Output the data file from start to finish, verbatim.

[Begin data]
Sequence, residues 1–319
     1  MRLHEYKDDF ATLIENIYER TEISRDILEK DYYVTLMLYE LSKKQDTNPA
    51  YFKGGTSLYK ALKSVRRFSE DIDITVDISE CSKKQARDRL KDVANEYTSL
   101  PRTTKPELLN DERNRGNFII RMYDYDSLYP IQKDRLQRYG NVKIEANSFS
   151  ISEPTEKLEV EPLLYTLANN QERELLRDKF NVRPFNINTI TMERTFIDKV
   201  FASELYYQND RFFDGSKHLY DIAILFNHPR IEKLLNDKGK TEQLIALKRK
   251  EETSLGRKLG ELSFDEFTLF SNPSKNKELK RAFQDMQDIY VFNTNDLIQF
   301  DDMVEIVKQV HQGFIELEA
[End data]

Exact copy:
Sequence, residues 1–319
     1  MRLHEYKDDF ATLIENIYER TEISRDILEK DYYVTLMLYE LSKKQDTNPA
    51  YFKGGTSLYK ALKSVRRFSE DIDITVDISE CSKKQARDRL KDVANEYTSL
   101  PRTTKPELLN DERNRGNFII RMYDYDSLYP IQKDRLQRYG NVKIEANSFS
   151  ISEPTEKLEV EPLLYTLANN QERELLRDKF NVRPFNINTI TMERTFIDKV
   201  FASELYYQND RFFDGSKHLY DIAILFNHPR IEKLLNDKGK TEQLIALKRK
   251  EETSLGRKLG ELSFDEFTLF SNPSKNKELK RAFQDMQDIY VFNTNDLIQF
   301  DDMVEIVKQV HQGFIELEA